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Parking Garage Car Detector Sparks Privacy Panic

Illustration for article titled Parking Garage Car Detector Sparks Privacy Panic

Searching for your lost car in the mall parking lot ranks high on the list of modern hells. But a new system, built from a mesh of networked cameras, tracks the vehicles of confused shoppers. Super convenience or ORWELLIAN NIGHTMARE?


The surveillance system, deployed at shopping center Santa Monica Place, records your car's license plate, retrieving its garage slot from a stored video database should you forget where you parked it. Then, simply follow map directions to your ride. Which sounds like it would prevent a lot of tantrums and pains-in-asses! But of course, the LA Times reports, there are privacy concerns.

Since the mall records the footage, they own the footage. Which is where the hypothetical fascist 1984 Big Brother hair-pulling begins. "If I had an ex-boyfriend who I didn't want to find me, that could be a concern," frets one worried shopper. Yes, except, if your boyfriend knows your license plate number, he presumably knows where you live as well—which should be more of a concern than him accosting you in a highly public venue like a crowded Californian shopping mall. Unless he's just coming to the mall every day and punching in the number with the slight hope that you showed up that day. Which seems... less than plausible.


The normally extremely sane and highly insightful Federation of American Scientists are also pissed—""What should give people pause is that this technology is advancing upon us without anyone having chosen it," saysenior research analyst Steven Aftergood. "We have not decided as a society or as individuals that we want this convenience. It is being thrust upon us." Yes, except we did choose to go to the mall.

We should always be conscious (and cautious) of how our public presence is being tracked—of course. But defaulting to worst case scenarios is an exercise in scaremongering. The notion that Santa Monica Place is going to do something nefarious with the knowledge of where you parked your car last Sunday is no more worrisome than the potential for Facebook to do something with every photo, correspondance, and personal detail it possesses from the past five years of my life. Malls—like many other places outside our homes—are blanketed in security cameras anyway. With that given, they might as well be helping us find our cars at the end of a day of horrible shopping.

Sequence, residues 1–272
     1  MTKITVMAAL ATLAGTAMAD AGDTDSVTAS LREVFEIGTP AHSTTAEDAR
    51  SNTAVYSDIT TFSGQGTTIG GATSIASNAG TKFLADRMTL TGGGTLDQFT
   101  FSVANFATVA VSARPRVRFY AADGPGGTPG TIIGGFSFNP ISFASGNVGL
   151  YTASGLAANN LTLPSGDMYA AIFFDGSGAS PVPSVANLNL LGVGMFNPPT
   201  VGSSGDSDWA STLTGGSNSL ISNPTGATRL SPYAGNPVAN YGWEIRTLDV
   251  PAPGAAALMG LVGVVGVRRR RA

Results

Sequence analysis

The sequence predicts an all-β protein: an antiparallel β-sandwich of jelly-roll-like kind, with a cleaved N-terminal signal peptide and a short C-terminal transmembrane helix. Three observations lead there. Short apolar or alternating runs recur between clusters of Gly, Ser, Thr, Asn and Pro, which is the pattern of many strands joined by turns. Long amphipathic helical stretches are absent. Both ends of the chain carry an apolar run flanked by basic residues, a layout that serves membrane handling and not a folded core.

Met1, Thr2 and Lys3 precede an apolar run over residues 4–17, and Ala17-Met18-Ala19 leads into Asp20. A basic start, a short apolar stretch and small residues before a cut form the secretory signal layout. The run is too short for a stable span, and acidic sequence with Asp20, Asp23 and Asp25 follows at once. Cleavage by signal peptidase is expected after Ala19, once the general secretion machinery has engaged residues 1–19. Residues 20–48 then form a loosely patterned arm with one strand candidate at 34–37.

"If I was somebody famous and worried about my personal security, I would be concerned," explains another shopper, while looking for her car. "Since I'm basically nobody, I'm not too concerned."

Pretty much.

[LAT via Engadget]

Photo by midexies


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Seems like a non-issue unless one of the following situations comes into play:

1) Said boyfriend, individual, corporation, or investigator can inquire parking information of a particular car or all cars. For example visitation trends or history.

2) The parking garage can link plate numbers with personal information or vehicle registration. Or the camera can automatically ticket you for an out-of-date sticker.

3) Plate information of an entering/exiting/parked vehicle can be reported or flagged to 3rd party systems, including police, FBI and private investigators.

Overall, it's probably(hopefully) a closed system with a limited history and limited inquiry abilities. In an Orwellian scenario, an investigator would simply type in "John Smith," to the SkyNet database. Computers would link together and it would report back that John Smith's car entered Santa Monica Place at 4:15PM and is currently parked on the 3rd floor in spot #354. All done without any court order or human intervention.